Not that anyone asked but I predict the future of home automation protocols for remote battery powered devices will be Bluetooth LTE or Thread. Thread is the 802.15.4 IPv6 based protocol (Nest uses an early version of thread) that is scheduled to be released this fall. The Thread Group just announced they are going to adapt ZigBee’s cluster library. So the devices and applications built on ZigBee clusters can be ported over. Thread fixes a lot of stuff that “grew into” ZigBee’s network with its multiple profiles and security models. It was built from the ground up to address the needs of sleeping devices (battery powered or energy harvesting). They have also added a lot of cool self healing and self management features to its mesh network. I have high expectations and hope it lives up to what they are touting! We need a reliable predominant home automation protocol and get past this make it work mentality that is giving us a black eye. Reminds me of the Ethernet vs Toke-Ring days and the world was a better place once that ended. Two fingers taped on chest, kissed, and saluted to Bob Metcalfe!
As for powered devices, in my opinion, vendors will continue to use WiFi as the hubs are already out there and its low hanging fruit. But keep in mind WiFi just doesn’t work well for a battery device or a device that doesn’t even have a battery. I know there is some work to make new WiFi specs that will address this but that will require people to buy a new hub. At that point the “already out there” appeal will be gone and that gives a new technology an opportunity to slip in. Thread has a chance to slip in and be the protocol.
By the way Samsung is part of the Thread Group. http://threadgroup.org/
I agree. So far what I’ve seen of Bluetooth mesh seems to have almost all of the same issues as the other mesh protocols without really bringing anything new to the table except the fact that smart phones already have Bluetooth. Of course it’s early days on that, and there may be more stuff then we know now.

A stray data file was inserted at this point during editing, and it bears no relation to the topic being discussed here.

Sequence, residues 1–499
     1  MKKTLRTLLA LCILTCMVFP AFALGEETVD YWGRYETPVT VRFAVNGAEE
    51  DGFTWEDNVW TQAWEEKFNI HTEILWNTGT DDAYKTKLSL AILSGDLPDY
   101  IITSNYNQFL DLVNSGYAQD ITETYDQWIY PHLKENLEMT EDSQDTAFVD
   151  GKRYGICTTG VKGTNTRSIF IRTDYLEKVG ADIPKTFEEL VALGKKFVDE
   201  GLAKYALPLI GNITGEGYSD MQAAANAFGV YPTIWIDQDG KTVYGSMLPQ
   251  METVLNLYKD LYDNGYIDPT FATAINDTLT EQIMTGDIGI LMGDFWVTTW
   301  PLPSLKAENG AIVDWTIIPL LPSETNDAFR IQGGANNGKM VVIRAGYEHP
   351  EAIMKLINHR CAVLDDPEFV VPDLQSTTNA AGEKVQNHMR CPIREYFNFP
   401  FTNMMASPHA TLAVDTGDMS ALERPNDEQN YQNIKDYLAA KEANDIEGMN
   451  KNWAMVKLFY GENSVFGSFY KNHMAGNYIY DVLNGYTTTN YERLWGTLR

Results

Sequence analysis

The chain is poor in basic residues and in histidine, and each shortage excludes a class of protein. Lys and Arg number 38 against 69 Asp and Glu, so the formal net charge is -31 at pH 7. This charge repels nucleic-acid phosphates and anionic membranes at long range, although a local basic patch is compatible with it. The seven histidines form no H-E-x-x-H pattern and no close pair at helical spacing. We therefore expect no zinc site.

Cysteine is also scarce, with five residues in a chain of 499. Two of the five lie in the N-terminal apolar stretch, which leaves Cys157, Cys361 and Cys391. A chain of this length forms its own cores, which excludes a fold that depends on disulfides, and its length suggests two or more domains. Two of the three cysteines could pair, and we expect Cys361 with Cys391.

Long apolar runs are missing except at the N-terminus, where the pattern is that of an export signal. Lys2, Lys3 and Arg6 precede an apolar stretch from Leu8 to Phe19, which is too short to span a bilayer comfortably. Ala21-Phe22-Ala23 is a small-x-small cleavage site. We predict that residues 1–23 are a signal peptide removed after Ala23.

On the other hand, thread, as you mentioned, has a lot of new stuff. And thread is a stealth protocol, and those tend to do well in consumer installations. that’s what Bluetooth was originally. You didn’t know what you bought, it just worked. It felt almost like a brand-name decision. Not a technical one.
The next year is going to be interesting, for sure.
@Enitech Yeah, Apple is very different you have to just let it do its thing compared to other hardware and software and then it works much better. I’m a software architect, and I build a lot of Windows applications and use linux but whenever i’m working on apple devices, I have to conscious focus on NOT trying to understand it and just let it do its thing and it is much better experience.
Very different that everything else I have.
ST really, REALLY needs to get their Hub v2 out before that Apple TV announcement, or it could be in trouble.
Unless the June Apple developers conference also includes announcements of a bunch of homekit ready devices you can actually buy, rather than just read about, I think smartthings will still have some time.
You’d be surprised. Just the announcement will cause many people who may have considered something like SmartThings to wait for the Apple products.
Heck, I’ve got plenty invested into my current SmartThings setup but if the Apple ecosystem looks good I’ll switch in a heartbeat.
Have you looked at Broadcom? I have contact information if you’d like to get detailed info (and possibly join their NDA). Their mesh presentation to the San Francisco Home Automation Meetup sounded impressive.
Are you referring to their Wiced products? The WiFi one has been around for about 5 years, never got any traction because wifi just uses too much juice for battery operated devices. A lot of people use it for prototyping, it’s slick for that.
Or something else?
Bluetooth (BLE), actually. I have one of the developer dongles, but adding mesh firmware requires NDA. It is under the Wiced brand.
Apple will not be a big player in this field for a while. There are several reasons:
A. They don’t get into anything first. NOTHING
B. This is a field that absolutely requires playing nice with others. Apple is terrible on open standards, interconnectivity, cooperation, etc. (Look at your phone, computer, ipad connectors. Look at how bad of a partner they are on standards.)
C. They don’t need to. Every HA product and ecosystem has iOS apps already. ST, Wink, Amazon, Nest, etc. Why do they need to spend time and money? You’re already going to control it through their device.
Just to pre-empt fanboy/hater replies - I’m typing this on my MacBook Pro. I run ST on mine and my wife’s iPhone. I have a box with about 6 old iPods. I’m on board, they just don’t play well with others because they don’t need to.